Airport Journey

We started before the children were awake.

Nathan woke me at 530, and I climbed in the shower while he dealt with one child who accidentally pooped in his pants, and Barrett who had gotten in the kitchen to steal food again – this time spreading chicken curry and rice all over the kitchen and guest bathroom, plus a half eaten Apple, a peanut butter sandwich made of tortillas, my packed lunch for the airport, and some baby food. He isn’t hungry and doesn’t actually eat the food. He just steals it and spills it, as if he is only three and doesn’t understand food as a precious commodity measured out in meals for the weekend now ruined.

The baby had eaten just before Nathan woke me, because he is a kind husband and wanted me to sleep another half hour, so it was easy to get her up and get her back to sleep in the car and through security.

I left the schoolwork for the children, and cried when I kissed Nathan goodbye.


We are not in crisis this time, though, and hope that this trip will prevent further crises.

It was a beautiful drive.


Nathan and I had talked about how I would get our luggage and the baby and the stroller all by myself, but just as I parked a complimentary no-tips-allowed shuttle pulled up right behind me, and drove us all the way to the check-in desk!

Getting rid of our big bag was easy, then, though I still had my carry-on with meds and chargers and the diaper bag hanging from the mommy hooks.  Security is extra high for some reason, so both the baby and I got an entire detailed pat-down. They let us through, though, so I got her diaper changed and a cup ready for the plane.


It was still easier than carrying her tiny self and our stuff last time we were flying together!


I left her in the stroller playing while we waited, so that our lap time on the plane would be easier.

Turns out, our plane time was super easy!


Like before, I waited to feed her until we were taking off, and she had a little nap then:


When she woke, she played happily with our very kind seat neighbor, whose daughter took oboe lessons from Ingrid, who has a deaf daughter and plays in the symphony with Nathan!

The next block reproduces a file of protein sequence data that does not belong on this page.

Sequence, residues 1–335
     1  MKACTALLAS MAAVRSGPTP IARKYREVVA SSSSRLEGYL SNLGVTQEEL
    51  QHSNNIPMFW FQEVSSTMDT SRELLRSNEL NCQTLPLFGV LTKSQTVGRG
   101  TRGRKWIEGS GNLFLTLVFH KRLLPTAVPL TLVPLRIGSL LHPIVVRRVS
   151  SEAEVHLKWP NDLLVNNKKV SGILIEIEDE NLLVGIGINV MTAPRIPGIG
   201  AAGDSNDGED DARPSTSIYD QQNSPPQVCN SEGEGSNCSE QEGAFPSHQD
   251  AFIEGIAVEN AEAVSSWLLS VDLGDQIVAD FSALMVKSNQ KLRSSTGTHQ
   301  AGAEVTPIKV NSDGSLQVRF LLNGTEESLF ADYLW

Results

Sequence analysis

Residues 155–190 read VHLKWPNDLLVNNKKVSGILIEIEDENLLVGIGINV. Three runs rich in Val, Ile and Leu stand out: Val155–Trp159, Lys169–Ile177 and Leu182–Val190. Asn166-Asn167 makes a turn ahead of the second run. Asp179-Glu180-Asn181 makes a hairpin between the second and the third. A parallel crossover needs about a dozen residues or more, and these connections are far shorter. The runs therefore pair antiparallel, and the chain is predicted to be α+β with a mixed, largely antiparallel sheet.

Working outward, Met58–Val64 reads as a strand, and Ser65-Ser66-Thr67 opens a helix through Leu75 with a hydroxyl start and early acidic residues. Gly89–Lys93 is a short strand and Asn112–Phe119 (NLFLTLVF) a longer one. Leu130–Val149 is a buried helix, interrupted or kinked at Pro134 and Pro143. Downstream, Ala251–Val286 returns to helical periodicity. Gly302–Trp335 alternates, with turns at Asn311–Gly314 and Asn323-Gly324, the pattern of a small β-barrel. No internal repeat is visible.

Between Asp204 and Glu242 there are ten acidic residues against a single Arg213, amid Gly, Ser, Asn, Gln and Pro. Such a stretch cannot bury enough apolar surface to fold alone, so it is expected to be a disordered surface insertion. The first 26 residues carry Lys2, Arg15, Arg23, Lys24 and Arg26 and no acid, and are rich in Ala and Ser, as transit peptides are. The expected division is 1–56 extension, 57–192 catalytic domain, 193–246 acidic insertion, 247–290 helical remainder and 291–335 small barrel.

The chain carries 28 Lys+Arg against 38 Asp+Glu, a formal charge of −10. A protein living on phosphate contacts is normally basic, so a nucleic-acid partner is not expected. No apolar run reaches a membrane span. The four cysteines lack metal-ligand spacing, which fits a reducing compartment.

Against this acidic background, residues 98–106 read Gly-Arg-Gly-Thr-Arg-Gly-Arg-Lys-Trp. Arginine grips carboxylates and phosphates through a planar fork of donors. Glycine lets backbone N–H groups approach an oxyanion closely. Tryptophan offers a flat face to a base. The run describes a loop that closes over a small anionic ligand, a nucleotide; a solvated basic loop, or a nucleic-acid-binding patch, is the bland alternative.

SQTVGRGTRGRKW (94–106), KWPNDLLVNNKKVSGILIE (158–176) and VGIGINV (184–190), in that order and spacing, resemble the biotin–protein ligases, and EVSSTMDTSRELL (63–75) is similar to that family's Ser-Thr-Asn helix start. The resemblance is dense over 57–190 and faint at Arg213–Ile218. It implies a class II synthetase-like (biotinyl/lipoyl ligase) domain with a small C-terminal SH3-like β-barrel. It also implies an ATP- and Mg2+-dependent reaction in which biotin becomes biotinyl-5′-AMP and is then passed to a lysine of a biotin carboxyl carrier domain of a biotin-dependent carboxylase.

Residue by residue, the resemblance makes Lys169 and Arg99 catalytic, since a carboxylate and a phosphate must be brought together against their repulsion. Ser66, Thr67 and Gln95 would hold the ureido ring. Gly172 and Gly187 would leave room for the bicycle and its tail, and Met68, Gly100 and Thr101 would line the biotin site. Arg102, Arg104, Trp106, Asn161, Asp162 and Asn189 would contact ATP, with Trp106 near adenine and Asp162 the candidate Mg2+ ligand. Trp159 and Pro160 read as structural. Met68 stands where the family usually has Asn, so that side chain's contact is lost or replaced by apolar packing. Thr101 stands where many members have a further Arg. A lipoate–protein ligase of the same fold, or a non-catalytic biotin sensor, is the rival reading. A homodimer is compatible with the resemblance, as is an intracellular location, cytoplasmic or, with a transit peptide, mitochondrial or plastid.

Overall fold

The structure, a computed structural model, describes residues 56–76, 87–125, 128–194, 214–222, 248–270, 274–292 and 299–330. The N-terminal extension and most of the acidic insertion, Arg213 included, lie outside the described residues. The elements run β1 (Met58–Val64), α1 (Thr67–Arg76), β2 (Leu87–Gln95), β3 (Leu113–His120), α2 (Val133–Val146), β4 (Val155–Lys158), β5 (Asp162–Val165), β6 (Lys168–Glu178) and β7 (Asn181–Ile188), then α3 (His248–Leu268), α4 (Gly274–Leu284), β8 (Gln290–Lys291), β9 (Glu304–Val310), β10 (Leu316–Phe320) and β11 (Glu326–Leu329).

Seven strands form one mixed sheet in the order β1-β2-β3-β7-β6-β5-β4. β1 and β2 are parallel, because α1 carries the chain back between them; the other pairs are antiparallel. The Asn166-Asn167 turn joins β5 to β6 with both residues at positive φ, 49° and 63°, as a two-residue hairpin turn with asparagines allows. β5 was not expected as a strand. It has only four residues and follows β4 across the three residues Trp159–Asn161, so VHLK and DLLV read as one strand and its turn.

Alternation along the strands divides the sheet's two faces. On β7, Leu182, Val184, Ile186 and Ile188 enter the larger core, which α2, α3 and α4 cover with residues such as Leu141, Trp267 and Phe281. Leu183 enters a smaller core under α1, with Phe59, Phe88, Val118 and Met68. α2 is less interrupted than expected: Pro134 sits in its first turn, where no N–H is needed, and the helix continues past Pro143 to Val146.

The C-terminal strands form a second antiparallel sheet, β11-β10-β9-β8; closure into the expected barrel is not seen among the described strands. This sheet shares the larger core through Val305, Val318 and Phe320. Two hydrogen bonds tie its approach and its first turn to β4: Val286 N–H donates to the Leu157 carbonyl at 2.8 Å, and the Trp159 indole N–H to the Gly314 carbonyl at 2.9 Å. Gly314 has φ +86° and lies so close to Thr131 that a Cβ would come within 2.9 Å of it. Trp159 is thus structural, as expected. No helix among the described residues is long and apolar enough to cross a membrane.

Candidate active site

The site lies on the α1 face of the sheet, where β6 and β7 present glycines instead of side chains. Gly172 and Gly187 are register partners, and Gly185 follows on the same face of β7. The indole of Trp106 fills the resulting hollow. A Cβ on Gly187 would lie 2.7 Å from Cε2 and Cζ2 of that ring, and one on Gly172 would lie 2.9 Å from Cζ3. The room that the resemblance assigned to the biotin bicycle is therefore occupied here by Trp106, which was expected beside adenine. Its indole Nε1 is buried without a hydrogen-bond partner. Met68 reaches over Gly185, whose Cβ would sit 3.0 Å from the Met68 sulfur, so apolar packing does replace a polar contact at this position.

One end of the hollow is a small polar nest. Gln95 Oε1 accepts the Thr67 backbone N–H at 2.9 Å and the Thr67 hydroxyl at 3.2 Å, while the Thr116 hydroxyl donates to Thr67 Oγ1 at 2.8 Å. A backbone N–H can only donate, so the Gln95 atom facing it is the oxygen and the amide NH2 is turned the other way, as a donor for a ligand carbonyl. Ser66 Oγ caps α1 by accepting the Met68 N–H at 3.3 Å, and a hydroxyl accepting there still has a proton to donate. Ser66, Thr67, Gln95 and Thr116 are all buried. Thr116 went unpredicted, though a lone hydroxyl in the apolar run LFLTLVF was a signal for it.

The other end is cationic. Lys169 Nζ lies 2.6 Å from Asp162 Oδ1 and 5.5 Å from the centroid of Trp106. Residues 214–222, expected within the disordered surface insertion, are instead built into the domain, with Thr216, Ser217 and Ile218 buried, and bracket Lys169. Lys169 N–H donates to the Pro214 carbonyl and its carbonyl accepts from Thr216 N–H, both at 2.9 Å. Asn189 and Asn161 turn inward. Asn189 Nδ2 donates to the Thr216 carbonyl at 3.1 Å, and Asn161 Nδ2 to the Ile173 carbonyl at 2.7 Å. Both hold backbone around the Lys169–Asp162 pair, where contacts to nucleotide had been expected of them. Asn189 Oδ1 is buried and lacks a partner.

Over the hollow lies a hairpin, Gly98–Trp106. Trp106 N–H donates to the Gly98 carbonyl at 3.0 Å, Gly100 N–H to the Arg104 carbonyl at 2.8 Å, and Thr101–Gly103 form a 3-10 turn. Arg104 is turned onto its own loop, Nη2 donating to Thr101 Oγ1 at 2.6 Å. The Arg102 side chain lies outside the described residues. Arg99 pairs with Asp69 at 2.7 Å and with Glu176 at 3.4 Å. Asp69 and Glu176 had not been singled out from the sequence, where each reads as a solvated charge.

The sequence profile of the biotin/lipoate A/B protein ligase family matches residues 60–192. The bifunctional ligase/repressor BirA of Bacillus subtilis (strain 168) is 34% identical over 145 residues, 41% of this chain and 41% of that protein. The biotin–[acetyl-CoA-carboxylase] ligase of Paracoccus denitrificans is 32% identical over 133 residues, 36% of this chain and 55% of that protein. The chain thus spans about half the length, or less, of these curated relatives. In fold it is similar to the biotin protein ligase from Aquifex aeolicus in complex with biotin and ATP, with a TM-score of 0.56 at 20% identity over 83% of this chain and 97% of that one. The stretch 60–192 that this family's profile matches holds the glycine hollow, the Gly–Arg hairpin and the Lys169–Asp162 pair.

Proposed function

We talked about Salt Lake, and the temple, and our gathering family.

I am so glad we are sealed together, most of us so far, even if change is hard for our kids, and a disappearing mom always being a trigger for them, so most of them having a hard day back home so far. Pray for Nathan! He is doing great, but so far there are only two kids left who qualify to still go to the ballet tonight! Sigh.

We had plenty of time after landing to change her diaper again, get the next cup ready, and get mama some lunch.  I was so excited to find squash soup, which I love, but they were out! I did find some chicken, so that was yummy.

And she got time to play!


Naturally, it was today – in the gross airport – that she decided she can crawl, after all.

She played so hard! I was able to rest, and to eat, and to wave to Aunt Alicia, and to get her changed again before she fell asleep (the baby, not Aunt Alicia). I even changed her onesie, not because she was dirty but because of the crawling on the floor.  And the drool.  So much drool, when a little one can’t swallow very well or move her tongue from drool position or close her mouth all the way because of distraction.  Now we are waiting for our next plane, and I have had good rest.  

I am glad she has had good rest, as well.


About Emily

I am a member of The Church of Jesus Christ of Latter-day Saints since 2009. I serve as a Chaplain, and work as a counselor. I got bilateral cochlear implants in 2010, but will always love sign language. I choose books over television, and organics over processed. Nothing is as close to flying as ballroom dancing - except maybe running, when in the solo mood. I would rather be outside than anywhere else, especially at the river riding my bike or kayaking. PhD in Marriage and Family Therapy, and currently doing a post-doc in Jewish Studies and an MDiv in Pastoral Counseling. The best thing about Emily World is that it's always an adventure, even if (not so) grammatically precise. The only thing better than writing is being married to a writer. Nathan Christensen and I were married in the Oklahoma City temple on 13 October 2012, and have since fostered more than eighty-five children. We have adopted the six who stayed, and are totally and completely and helplessly in love with our family. Nathan writes musical theater, including "Broadcast" (a musical history of the radio) and an adaption of Lois Lowry's "The Giver". He served his mission in South Korea, has taught song-writing in New York City public schools, and worked as a theater critic for a Tucson newspaper. This is not an official Web site of The Church of Jesus Christ of Latter-day Saints.

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